André Le Nôtre (1613-1700) is often considered the father of the French formal garden. As the son and grandson of gardeners, he was born in the Tuileries and inherited a tradition already quite old. He took those traditions and adapted them to early Enlightenment thinking, incorporating contemporary mathematical and optical techniques, such as anamorphic perspective, to create gardens unprecedented in their appeal to both the eye and the mind.Compartmentalized into fragments holding small bunches of poems, corners of the manuscript, Swensen utilizes a fascinating nuance to such long lines, and provides an interesting counterpoint to the way gardens have been written, predominantly over the last few decades, in Canada at least, as works less governed by formal innovation than some kind of faux-pastoral, writing safe poems about Victorian-type creations that existed in direct opposition to the more vibrant wilds of the surrounding world. As much as Swensen understands these gardens to be constructions, so too, does she understand poems as constructions as well, holding a fine balance between constructed and organic structures, writing “If a garden is the world counted / and found analogue in nature / One does not become two by ever ending” (“IF A GARDEN OF NUMBERS”).
Versailles is his best-known work, but he played a crucial role in many other gardens, including those at Chantilly, Saint-Cloud, Sceaux, the Tuileries, and Vaux-le-Vicomte. This last was his first major commission, and it remains famous both for its perfection and for the scandal incited when it was unveiled for the king and his court in the summer of 1661. it was so grand that it threw Louix XIV into a fit of jealousy and convinced him that its owner, Nicolas Fouquet, who was also his superintendent of finance, must have been embezzling. Fouquet was arrested a few weeks later and spent the rest of his long life in jail.
That story and others inform some of the following poems, but none of them is necessary, or even particularly helpful, for reading the poems themselves. Similarly, a few proper names are mentioned here and there, not for their historical significance, but rather to underscore their bearers’ simultaneous roles as average people doing daily things, such as loving gardens.
André Le Nôtre lived a long and prosperous life. By the end of his career, he was consulted by royalty and aristocracy all over Europe, and his influence had spread even farther. And yet one of the things that is most remembered about him and most often repeated is that he was a great guy – modest, fun-loving, easy-going, and friendly – so somehow it seems fitting that, although he created all his gardens for members of the most exclusive classes, they are today almost all public parks. As if to underscore the irony, he phrase “le nôtre” means “ours.”
Certain traditions claim that man and garden cannot be separated,
or if and when they are, will neither still be visible, the inverse
of those twins that you never see in the same place at the same time. We disappear
through a single door, unrecognized
in the morning in the park, where we sit behind the early paper
and periodically declare I can’t believe
in the Middle Ages, they drew the news on cemetery walls. A long line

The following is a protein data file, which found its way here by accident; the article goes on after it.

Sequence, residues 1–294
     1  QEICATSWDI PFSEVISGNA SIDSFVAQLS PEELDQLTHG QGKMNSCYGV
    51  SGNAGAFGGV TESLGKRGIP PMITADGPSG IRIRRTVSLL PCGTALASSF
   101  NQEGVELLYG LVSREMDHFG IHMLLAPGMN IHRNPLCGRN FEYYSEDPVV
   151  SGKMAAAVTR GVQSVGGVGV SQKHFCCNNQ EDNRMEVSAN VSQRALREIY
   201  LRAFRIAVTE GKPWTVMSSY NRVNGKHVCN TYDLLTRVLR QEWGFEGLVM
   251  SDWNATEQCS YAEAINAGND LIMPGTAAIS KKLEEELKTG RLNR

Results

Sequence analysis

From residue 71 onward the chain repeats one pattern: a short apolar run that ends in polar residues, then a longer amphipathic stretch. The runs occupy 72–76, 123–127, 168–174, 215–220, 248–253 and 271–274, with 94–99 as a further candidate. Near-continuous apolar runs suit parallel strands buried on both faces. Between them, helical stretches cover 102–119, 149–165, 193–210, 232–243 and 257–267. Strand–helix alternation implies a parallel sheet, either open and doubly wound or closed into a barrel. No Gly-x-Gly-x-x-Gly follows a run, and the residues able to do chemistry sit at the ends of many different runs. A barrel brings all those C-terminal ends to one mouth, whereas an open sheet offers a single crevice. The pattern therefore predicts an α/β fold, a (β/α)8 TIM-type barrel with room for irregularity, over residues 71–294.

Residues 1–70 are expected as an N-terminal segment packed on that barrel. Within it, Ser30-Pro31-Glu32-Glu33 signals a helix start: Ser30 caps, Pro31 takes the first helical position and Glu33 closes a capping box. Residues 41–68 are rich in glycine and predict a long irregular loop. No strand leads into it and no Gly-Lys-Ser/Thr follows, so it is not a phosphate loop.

of bodies in silhouette that swayed. This too, they say,
is paradise because the sky touches the ground wherever the former has a hole in it called a hand,
espalliered mansions and guests in the millions.
The first public gardens in history were called oubliettes. As soon as you entered,
you were indistinguishable from the animals.
In a magnificent way, Cole Swensen’s poetry books exist as book-length essays or explorations through and around a particular subject, whether her current collection on Le Nôtre’s gardens, her Such Rich Hour (University of Iowa Press, 2001) that explored the calendar illuminations of a fifteenth-century book of hours, the Trés Riches Heures du Duc de Berry, or writing operatic forms through her collection Oh (Apogee Press, 2002). Years ago, Erin Mouré argued the merging of essay and poetry in a single form, and Swensen has managed to exist in the forefront of the blended genres, alongside, for example, Barry McKinnon’s investigations through Prince George, British Columbia in The Centre: Poems 1970-2000 (Talonbooks, 2004), CD Wright’s exploration of a women’s prison in One Big Self: an investigation (Copper Canyon Press, 2007), or even Nathalie Stephens writing the spaces between language, gender, translation and the body in her own ongoing works. Between the hours, what do we know exactly as being ours?
Marie Antoinette was last seen reading, and she didn’t look up. There wasn’t a revolution going on. Or maybe sewing, there was something pinned together, she was holding something together, or whatever was ever in her hands that was several then broke into separate. Marie. Is by definition bordering the sacred, which is the universal, so it was no longer her garden. So she refused to raise her eyes and watch two middle class women have a right to these rooms in which they should have frozen to death in an instant. Instead, they dusted. They drew a gloved finger across a mantel and propagated hemophilia. All my children running down the drain. There have been fewer centuries than I have ancestors, and any one of them could blind you by glancing your way she said what do you mean “nice”? I am not this dust, I am not just one
floating downstairs in the sun. One woman heard her turn a page, while the other heard a leaf rattle across the terrace, and turned to watch it, more out of idleness
than anything else. (“The Ghost of Much Later”)